NIPS 2014 Call For Papers
Neural Information Processing Systems Conference and Workshops December 8-13, 2014 Montreal Convention Center, Montreal, Canada
Deadline for Paper Submissions: Friday, June 6, 2014, 11 pm Universal Time (4 pm Pacific Daylight Time).
Submit at: https://cmt.research.microsoft.com/NIPS2014/
Submissions are solicited for the Twenty-Eigth Annual Conference on Neural Information Processing Systems, an interdisciplinary conference that brings together researchers in all aspects of neural and statistical information processing and computation, and their applications. The conference is a highly selective, single track meeting that includes oral and poster presentations of refereed papers as well as invited talks. The 2014 conference will be held on December 8-11 at Montreal Convention Center, Montreal, Canada. One day of tutorials (December 8) will precede the main conference, and two days of workshops (December 12-13) will follow it at the same location.
Submission process: Electronic submissions will be accepted until Friday, June 6, 2014, 11 pm Universal Time (4 pm Pacific Daylight Time). As was the case last year, final papers will be due in advance of the conference. However, minor changes such as typos and additional references will still be allowed for a certain period after the conference.
Reviewing: As in previous years, reviewing will be double-blind: the reviewers will not know the identities of the authors. However, differently from previous years, anonymous reviews and meta-reviews of accepted papers will be made public after the end of the review process.
Evaluation Criteria: Submissions will be refereed on the basis of technical quality, novelty, potential impact, and clarity.
Dual Submissions Policy: Submissions that are identical (or substantially similar) to versions that have been previously published, or accepted for publication, or that have been submitted in parallel to other conferences are not appropriate for NIPS and violate our dual submission policy. Exceptions to this rule are the following:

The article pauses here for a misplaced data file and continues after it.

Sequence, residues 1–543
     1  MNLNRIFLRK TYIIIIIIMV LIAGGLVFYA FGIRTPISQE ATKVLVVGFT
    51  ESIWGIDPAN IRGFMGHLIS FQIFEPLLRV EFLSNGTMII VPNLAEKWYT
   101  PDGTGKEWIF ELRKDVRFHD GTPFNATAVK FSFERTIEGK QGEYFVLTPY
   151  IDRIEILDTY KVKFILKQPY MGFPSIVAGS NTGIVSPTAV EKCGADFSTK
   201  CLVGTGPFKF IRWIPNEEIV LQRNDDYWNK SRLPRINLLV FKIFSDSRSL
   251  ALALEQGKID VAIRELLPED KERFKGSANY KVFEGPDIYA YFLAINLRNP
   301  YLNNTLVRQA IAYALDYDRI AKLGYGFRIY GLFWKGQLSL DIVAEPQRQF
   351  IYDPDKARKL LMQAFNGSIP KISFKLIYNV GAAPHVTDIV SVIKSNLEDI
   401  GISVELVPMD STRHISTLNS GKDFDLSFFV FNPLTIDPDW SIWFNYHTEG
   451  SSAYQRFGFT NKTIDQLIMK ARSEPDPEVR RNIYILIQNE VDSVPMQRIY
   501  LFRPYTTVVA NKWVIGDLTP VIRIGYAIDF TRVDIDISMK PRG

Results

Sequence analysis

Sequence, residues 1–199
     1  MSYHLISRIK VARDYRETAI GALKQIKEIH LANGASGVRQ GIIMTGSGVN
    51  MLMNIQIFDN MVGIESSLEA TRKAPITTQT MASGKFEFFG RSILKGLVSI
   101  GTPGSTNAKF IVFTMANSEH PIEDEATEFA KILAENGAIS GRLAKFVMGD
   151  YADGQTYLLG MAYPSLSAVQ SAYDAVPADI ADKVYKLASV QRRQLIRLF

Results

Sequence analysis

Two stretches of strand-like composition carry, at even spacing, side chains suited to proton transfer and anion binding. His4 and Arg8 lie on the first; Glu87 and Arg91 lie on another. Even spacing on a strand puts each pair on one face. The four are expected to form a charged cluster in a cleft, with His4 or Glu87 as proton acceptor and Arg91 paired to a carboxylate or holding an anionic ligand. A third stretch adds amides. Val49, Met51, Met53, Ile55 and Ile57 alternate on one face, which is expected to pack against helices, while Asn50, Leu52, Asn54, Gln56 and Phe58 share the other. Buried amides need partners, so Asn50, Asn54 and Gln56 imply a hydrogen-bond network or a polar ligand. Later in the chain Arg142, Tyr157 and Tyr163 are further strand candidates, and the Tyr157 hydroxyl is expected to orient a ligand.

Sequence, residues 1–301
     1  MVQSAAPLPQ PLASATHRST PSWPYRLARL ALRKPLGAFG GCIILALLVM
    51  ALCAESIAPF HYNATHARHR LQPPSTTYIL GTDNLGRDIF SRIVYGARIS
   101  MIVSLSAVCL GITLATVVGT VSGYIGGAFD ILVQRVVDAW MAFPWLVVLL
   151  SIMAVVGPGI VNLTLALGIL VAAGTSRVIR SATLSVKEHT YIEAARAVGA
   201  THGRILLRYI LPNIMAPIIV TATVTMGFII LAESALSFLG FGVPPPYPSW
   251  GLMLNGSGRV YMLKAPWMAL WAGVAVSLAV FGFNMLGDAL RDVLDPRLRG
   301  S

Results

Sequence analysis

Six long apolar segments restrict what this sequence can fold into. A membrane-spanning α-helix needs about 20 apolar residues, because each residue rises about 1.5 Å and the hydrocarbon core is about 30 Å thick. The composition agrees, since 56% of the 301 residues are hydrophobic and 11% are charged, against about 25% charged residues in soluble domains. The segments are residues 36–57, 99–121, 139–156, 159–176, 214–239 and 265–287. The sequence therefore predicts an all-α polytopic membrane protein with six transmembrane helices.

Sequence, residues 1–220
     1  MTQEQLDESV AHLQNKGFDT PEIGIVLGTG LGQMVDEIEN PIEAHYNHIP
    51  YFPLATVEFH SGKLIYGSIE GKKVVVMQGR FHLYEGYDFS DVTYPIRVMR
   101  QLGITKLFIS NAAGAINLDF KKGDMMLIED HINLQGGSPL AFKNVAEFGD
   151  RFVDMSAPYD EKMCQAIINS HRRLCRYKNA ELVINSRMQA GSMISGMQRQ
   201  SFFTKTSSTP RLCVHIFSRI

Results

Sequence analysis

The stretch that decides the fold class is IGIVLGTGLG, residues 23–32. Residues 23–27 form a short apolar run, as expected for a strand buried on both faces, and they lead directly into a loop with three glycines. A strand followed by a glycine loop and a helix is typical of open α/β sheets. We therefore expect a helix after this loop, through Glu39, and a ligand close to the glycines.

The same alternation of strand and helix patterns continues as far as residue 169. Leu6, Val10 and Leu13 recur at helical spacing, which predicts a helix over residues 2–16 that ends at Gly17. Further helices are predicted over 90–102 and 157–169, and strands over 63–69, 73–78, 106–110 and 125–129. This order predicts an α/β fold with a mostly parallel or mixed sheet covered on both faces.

Submission is permitted of a short version of a paper that has been submitted to a journal, but has not yet been published in that journal. Authors must declare such dual-submissions either through the CMT submission form, or via email to the program chairs at email@example.com. It is the authors’ responsibility to make sure that the journal in question allows dual concurrent submissions to conferences. Submission is permitted for papers presented or to be presented at conferences or workshops without proceedings, or with only abstracts published.
Previously published papers with substantial overlap written by the authors must be cited so as to preserve author anonymity (e.g. “the authors of 1 prove that …”). Differences relative to these earlier papers must be explained in the text of the submission.
It is acceptable to submit to NIPS 2014 work that has been made available as a technical report (or similar, e.g. in arXiv) without citing it. While this could compromise the authors' anonymity, reviewers will be asked to refrain from actively searching for the authors’ identity or disclose to the area chairs if their identity is known to them.
The dual-submission rules apply during the NIPS review period which begins June 6 and ends September 10, 2014.